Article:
Australia has one of the richest and most complex ecosystems in the world. With over 150,000 different species, we are considered one of only 17 megadiverse nations on the planet. Remarkably, 40 per cent of our birds, 80 per cent of our flora and 90 per cent of our reptiles can be found nowhere else in the world.
Our diversity faces many challenges, putting this unique endowment under threat. Climate change, feral predators and population growth in urban areas are all taking their toll. This is why the Turnbull government has rolled out a comprehensive strategy to protect our threatened species, the results from which show it is working.
Today, 99.7 per cent of around 2000 of the threatened species and ecological communities listed under the Environment Protection and Biodiversity Conservation Act have a recovery plan or conservation advice, with our aim of achieving 100 per cent shortly. We have appointed Australia’s first-ever threatened species commissioner Gregory Andrews whose successor Dr Sally Box is taking the lead implementing our Threatened Species Strategy with its targeted focus on 20 mammals, 20 birds and 30 plants.
We have mobilised more than $255 million for over 1200 different projects that seek to improve the habitat and remove threats to threatened species, including projects that form part of our Landcare, 20 Million Trees, Green Army, National Environmental Science and Threatened Species Recovery Fund programs.
Indeed, just last week, Assistant Minister Melissa Price, whose massive Durack electorate is home to some 20 per cent of all threatened species in Australia, announced eight new projects to support the Kangaroo Island dunnart, the blue-top sun-orchid and a 120 hectare predator proof fence to protect the brush-tailed rock wallaby.
In every case, where appropriate, we seek to galvanise the expertise and efforts of Indigenous rangers, native title holders, state governments and not-for-profit organisations. For example, under the Recovery Fund, we are supporting the Dambimangari and Uunguu IPA rangers to protect the brush-tailed rabbit rat and the golden bandicoot by managing fire and feral cats. As a government, we have also increased ranger funding by more than 30 per cent and we are expanding the size of the Indigenous Protected Areas (IPAs).
We’re also seeking to increasingly leverage the goodwill of the private sector with the launch last year of Australia’s first ever Threatened Species Prospectus which has already mobilised more than $6 million to fund 19 projects, ranging from a $500,000 commitment to support the platypus and a range of threatened and freshwater fish species to an $86,000 crowd-sourced initiative to establish a new island safe haven for the Norfolk Island green parrot.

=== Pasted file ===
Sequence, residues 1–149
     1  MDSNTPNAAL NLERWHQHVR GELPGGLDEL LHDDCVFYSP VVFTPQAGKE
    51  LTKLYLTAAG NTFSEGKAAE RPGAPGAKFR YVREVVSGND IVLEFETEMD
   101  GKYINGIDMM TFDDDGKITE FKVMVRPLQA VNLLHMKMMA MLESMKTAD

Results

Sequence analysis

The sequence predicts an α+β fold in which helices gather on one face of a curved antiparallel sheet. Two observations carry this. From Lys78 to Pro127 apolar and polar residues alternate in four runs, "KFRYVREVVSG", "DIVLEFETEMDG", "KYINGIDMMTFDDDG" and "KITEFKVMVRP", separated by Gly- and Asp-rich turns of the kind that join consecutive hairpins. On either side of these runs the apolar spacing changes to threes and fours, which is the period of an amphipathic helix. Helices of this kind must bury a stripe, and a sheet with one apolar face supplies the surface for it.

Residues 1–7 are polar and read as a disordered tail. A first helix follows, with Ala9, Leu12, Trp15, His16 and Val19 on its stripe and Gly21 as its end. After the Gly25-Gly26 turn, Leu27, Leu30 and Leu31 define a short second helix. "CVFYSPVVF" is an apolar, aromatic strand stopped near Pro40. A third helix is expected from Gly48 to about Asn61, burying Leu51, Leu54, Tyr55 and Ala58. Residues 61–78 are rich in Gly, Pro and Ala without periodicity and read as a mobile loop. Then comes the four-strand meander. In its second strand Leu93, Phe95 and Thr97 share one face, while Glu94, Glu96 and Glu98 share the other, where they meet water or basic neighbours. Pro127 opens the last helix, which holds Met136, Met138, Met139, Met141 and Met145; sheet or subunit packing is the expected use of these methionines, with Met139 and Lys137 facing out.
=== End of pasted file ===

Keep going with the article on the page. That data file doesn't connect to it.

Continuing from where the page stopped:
As the most recent progress report illustrates, there have been some further timely and tangible improvements to the prospects of a number of our threatened species. Last year, in Victoria, 100 critically endangered regent honeyeaters were released in the Chiltern-Mount Pilot National Park and 90 eastern barred bandicoots were released in Phillip Island. In NSW, 240 critically endangered southern corroboree frogs were placed into disease-free enclosures in Kosciuszko National Park and the number of threatened magenta lilly-pilly is increasing by over 30 per cent in the coastal rainforest areas.
For the first time in a century, eastern bettongs were bred at Mulligans Flat in the ACT and, in WA, the numbers of black-flanked rock wallabies in Kalbarri National Park were reported to have doubled. In South Australia, where the mallee emu-wren became extinct after a series of bushfires, over $200,000 has been spent through the federal government’s recovery fund to move up to 80 birds from Victoria to South Australia and help re-establish their local population.
Significantly, what the progress report also finds is that we are mitigating the damage caused by the feral cat population with feral cats responsible for killing 1 million birds a day, we have been able to at the national level cull thousands of them, while eradicating their presence on Christmas, Bruny, Kangaroo, French and Dirk Hartog islands.
Protecting our threatened species is a huge task and no one is underestimating the challenge. But, the release of the most recent progress report does give us cause for optimism and with the continued constructive engagement across the different levels of government and the private and not-for-profit sectors, we can ensure future generations get to enjoy and appreciate Australia’s unique natural inheritance.
Josh Frydenberg is the Federal Minister for the Environment and Energy.